Characters / Kirby

Tropes relating to Kirby and his friends and foes. For anime-only characters and tropes only present to a character in Kirby: Right Back at Ya!, go here. Kirby's Return to Dream Land also has its own character page.

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Main Characters


First appearance: Kirby's Dream Land (Game Boy 1992)
Voiced by: Makiko Ohmoto

Kirby is a young, pink Waddling Head who likes to eat a lot. His cheerful nature hides surprising strength. With a stretchy mouth and vacuum breath, he is able to eat foes even larger than himself and he can copy the powers of the things he has eaten.

Tropes associated with Kirby:
  • Butt Monkey: In any cinematic not related to the current plot, Kirby will get abused. Case in point, the level title cards in Dream Land and Adventure, and the blooper reel in Super Star Ultra.
  • Cartoon Creature: The name of his (and presumably Meta's and Galacta's) species is never revealed. The closest we got are endearing terms like "Puffball", "Marshmallow", and "Balloon".
  • Catch Phrase: "Hiii!"
  • Cheerful Child: He has the mannerisms of one.
  • Chronic Hero Syndrome: Has shades of this, as shown in Kirby 64 and Kirby's Return to Dream Land where his immediate reaction to finding out someone's problem is to offer his aid to them.
  • Death Glare: Yes, you read that right. Kirby: Triple Deluxe has him briefly sporting one in Hypernova form right before he vaporizes Queen Sectonia with her own reflected Wave Motion Gun.
  • Discard and Draw: How his Copy Ability works. Kirby can only use one Ability at a time and will lose the current ability if he takes damage and must re-inhale it to use it again. If he touches another Ability, then it switches out.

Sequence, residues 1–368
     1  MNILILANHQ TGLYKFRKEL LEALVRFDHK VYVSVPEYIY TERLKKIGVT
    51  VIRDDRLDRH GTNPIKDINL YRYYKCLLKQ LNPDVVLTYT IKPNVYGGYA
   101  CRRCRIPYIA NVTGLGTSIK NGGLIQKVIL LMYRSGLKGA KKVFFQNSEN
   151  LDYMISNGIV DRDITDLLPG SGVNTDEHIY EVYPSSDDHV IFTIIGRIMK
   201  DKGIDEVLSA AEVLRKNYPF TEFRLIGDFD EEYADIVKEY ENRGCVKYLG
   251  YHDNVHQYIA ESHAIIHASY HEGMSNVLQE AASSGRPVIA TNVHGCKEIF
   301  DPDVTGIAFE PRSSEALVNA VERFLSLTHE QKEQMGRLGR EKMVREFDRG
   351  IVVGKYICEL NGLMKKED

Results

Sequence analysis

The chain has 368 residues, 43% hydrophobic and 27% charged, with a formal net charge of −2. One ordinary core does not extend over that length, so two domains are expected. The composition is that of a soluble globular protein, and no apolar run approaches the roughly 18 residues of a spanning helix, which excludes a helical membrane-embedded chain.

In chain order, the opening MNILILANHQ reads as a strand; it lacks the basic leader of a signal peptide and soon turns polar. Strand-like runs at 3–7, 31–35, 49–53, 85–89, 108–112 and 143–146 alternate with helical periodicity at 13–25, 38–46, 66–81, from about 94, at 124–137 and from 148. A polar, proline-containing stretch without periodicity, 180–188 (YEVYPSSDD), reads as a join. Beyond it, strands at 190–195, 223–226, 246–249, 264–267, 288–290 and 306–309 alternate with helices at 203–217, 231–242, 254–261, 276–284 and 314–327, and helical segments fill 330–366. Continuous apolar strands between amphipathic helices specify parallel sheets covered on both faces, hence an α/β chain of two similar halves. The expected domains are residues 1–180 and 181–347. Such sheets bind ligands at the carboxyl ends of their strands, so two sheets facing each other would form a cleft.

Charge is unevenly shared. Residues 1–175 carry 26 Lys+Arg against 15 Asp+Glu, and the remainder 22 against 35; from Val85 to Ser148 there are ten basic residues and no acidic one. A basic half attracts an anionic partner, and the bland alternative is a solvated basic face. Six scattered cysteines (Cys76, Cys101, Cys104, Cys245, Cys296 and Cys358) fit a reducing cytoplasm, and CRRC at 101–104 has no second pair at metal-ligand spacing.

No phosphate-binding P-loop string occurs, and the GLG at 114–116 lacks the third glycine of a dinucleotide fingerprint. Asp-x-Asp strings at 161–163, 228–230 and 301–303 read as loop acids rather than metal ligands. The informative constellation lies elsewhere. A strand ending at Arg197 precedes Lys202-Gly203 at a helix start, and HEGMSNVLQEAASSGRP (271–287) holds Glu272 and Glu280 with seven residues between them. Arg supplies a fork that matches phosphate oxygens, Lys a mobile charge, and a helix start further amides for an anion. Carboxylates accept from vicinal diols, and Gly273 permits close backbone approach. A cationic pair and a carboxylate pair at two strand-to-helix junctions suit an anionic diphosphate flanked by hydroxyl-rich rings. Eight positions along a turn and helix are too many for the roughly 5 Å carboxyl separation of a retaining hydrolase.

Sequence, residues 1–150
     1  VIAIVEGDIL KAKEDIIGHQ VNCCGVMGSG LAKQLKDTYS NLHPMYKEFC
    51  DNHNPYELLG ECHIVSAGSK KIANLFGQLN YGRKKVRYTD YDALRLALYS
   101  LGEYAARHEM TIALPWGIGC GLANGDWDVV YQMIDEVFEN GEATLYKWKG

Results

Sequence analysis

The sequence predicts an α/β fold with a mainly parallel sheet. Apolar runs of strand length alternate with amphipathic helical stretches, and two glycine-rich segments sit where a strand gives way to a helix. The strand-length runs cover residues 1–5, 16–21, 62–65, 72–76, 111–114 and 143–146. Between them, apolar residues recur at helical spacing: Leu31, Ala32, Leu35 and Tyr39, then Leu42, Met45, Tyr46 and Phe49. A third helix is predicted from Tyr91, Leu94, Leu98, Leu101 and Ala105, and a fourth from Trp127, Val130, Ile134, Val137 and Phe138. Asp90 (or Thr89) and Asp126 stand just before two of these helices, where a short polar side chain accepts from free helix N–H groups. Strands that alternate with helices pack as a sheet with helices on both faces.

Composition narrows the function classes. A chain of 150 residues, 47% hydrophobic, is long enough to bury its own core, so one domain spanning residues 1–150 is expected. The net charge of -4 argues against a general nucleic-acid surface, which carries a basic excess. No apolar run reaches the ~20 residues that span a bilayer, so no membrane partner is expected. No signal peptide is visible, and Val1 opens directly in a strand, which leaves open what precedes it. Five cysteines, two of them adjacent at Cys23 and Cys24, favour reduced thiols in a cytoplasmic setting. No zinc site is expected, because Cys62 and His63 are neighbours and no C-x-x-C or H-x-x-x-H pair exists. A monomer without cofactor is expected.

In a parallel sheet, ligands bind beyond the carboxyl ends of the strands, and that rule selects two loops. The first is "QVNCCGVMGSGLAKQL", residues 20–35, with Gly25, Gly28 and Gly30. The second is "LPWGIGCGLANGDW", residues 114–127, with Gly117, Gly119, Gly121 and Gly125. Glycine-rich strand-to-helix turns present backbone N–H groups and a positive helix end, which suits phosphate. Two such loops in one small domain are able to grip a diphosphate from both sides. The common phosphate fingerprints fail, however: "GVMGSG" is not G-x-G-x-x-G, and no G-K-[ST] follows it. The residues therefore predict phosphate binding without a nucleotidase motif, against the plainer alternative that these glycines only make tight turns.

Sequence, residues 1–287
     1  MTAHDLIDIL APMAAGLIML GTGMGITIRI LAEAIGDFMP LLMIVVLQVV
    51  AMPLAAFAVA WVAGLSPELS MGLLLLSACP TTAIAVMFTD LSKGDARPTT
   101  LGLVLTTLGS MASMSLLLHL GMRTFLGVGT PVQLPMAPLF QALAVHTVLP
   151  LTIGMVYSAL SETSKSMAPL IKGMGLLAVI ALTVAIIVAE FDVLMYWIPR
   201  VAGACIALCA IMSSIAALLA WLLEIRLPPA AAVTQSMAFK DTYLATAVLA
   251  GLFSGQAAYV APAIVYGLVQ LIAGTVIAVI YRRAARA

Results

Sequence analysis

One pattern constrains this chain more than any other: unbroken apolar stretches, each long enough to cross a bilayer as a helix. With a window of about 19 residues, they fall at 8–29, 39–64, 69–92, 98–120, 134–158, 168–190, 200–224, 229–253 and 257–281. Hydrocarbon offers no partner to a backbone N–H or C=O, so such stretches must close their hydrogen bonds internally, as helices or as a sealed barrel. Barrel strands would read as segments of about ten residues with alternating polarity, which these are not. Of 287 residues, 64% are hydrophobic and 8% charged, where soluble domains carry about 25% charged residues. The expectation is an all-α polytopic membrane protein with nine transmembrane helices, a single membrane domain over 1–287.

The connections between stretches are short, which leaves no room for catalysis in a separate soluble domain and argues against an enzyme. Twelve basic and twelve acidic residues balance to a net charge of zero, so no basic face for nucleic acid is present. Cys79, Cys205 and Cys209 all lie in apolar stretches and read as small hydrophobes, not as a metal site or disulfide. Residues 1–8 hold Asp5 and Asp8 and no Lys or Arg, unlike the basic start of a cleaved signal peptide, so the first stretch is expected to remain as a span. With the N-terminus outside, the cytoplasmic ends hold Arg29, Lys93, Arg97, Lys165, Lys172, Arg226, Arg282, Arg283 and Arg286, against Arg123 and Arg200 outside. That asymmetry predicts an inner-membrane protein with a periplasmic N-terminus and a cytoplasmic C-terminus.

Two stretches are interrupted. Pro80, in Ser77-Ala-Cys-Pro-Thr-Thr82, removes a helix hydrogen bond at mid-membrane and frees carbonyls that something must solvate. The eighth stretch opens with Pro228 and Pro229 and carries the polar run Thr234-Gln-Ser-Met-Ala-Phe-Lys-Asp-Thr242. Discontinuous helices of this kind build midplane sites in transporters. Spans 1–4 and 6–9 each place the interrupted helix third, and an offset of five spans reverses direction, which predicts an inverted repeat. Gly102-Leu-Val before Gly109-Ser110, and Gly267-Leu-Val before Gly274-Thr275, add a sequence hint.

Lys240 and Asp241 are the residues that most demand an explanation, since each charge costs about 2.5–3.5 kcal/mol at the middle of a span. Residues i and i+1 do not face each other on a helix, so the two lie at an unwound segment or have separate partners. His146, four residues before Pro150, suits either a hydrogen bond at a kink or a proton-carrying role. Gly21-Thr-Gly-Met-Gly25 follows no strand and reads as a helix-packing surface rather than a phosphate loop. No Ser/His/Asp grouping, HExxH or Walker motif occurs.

• Dreadful Musician. Kirby loves to sing. Unfortunately, he is completely tone deaf and he loves to sing loud, to the extent that it is a screen-clearing Smart Bomb attack in the games, and in the anime a full minute of his caterwauling reduces a castle to rubble. The early games' description for the mike copy power and the microphone item from the first game state that Kirby is at least aware that he not a good singer.
  • Eating the Enemy: His go-to means for getting rid of foes.
  • Evil Counterpart: Subverted. In The Amazing Mirror, which has this for both Kirby and Meta Knight, Shadow Kirby actually just wants to protect the Mirror World, much like Kirby to Dream Land. The alternate Shadow Kirby in Triple Deluxe seems to play this straight, however.
  • Extreme Omnivore: There are a select few things he will not eat, such as the "fuzzy" worms from the Twin Woods boss, but for the most part, he is fine swallowing anything he can get into his mouth.
  • Fingerless Hands: Kirby is able to wield swords, hammers, and umbrellas among other weaponry with his stubby little arms. The official art for Kirby: Nightmare in Dream Land and Kirby & The Amazing Mirror does show his arms wrapped around objects, but most of the time, objects just stick to the end of his arms.
  • Good Is Not Soft: Ironically, his general behavior in the games outside of Kirby's Avalanche indicate something like this.
  • The Hero: In Kirby 64: The Crystal Shards alongside Ribbon, Waddle Dee, Adeleine, and King Dedede. Also in Return to Dream Land with Bandana Waddle Dee, Meta Knight, and King Dedede.
  • Heroic Mime: In most games, he can't manage more than a "Hi!" or a "Poyo!" He does speak in Epic Yarn, but only with narration. In earlier games, he narrated the instruction manual to the player, and in the Game Boy Advance games, the pause screen descriptions for his Copy Abilities is delivered in first person. In Avalanche, Kirby speaks in full sentences when delivering trash-talk to his opponents before a match.
  • Instant Expert: His Copy Ability lets him master any ability near instantaneously. He's even this without his Copy Ability. In Planet Robobot, despite never seeing the Robobot Armor before, he masters it the minute he rides it.
  • Jumped at the Call: When a threat comes to Planet Popstar, or a stranger is in need, Kirby will always be there to help.
  • Kid Hero:
    • His age is never specifically stated in the games, but his high-pitched voice and childish mannerisms suggests he's young.